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What is the KJV only movement? Should we only use the King James Version of the Bible?

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Simply put, the King James only movement (also called the KJV only movement or KJV onlyism) believes the King James Version is the only version of the English Bible people should read today. There are many varieties of this movement, but the main theological argument stems from the type of Greek text used to translate the New Testament.

King James only supporters claim that the Textus Receptus or Received Text of the Greek New Testament is the most accurate version of the Greek text. Since the King James Version used this Received Text, then it is the only suitable translation. However, there are numerous reasons why modern translations do not limit themselves to only the Textus Receptus. First, numerous additional Greek manuscripts have been discovered since the publication of Textus Receptus in the 1500s. Second, some significant early manuscripts have been discovered, including the Codex Sinaiticus, the earliest surviving complete New Testament. Regarding the Old Testament, the numerous copies of Old Testament writings from the Dead Sea Scrolls also provided new information to better assist in translation of the Old Testament.

Theologically, it is also important to note that the only inspired text of the Bible was the original text of Scripture. No translation was or is inspired in the way the original manuscripts of Scripture were. An honest assessment of the existing materials is necessary and the most accurate translations possible should be made to allow modern readers the ability to study Scripture for themselves.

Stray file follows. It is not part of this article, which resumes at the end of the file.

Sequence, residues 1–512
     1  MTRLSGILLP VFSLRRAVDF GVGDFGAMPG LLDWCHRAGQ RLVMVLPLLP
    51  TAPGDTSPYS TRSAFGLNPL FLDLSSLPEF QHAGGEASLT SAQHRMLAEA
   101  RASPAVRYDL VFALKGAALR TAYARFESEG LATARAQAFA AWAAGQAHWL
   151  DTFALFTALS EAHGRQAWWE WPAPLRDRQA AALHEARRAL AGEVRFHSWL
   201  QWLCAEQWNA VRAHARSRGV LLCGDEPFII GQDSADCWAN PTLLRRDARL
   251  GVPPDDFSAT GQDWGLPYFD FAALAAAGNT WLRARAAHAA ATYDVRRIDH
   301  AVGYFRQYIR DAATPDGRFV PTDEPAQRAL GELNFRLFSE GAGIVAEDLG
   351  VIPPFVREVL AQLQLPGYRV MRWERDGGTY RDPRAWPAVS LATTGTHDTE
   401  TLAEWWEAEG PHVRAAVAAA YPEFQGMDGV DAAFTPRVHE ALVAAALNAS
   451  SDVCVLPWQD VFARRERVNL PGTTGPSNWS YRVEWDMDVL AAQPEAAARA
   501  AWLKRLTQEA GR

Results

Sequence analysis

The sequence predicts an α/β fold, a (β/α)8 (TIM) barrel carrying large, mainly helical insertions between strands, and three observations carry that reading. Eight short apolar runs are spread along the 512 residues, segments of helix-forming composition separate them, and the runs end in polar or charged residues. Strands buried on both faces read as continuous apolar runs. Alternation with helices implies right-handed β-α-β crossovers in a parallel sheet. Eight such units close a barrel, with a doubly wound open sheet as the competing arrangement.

That said, there is a reason many have argued for the use of the King James Version. It stands as one of the most remarkable achievements of the English language. Its publication united the English speaking church and has influenced culture at all levels. Yet even the 1611 King James Bible has undergone significant updates since its original publication, many due to the changing nature of the English language.

In the twentieth century, the publication of the New King James Version sought to provide a modern rendering of the King James Bible that continued the tradition of its predecessor. Other literal translations such as the New American Standard Bible (NASB) and English Standard Version (ESV) have also provided a literal translation in modern English, although utilizing the full range of original language texts in their research.

While the King James Version provides an excellent translation that has withstood the test of time, it is not the only helpful English translation and is certainly not "inspired" as the original manuscripts of the Bible. In addition, the numerous discoveries since the publication of the 1611 King James Bible should be fully investigated to help understand every nuance of the Bible to its fullest since Scripture is literally "breathed out" by God (2 Timothy 3:16).

Related Truth:

What are the different English Bible translations?

What Bible translation should I use?

Is it okay to use a paraphrase of the Bible?

Why should we study the Bible?

I want to start reading the Bible. Where should I begin?

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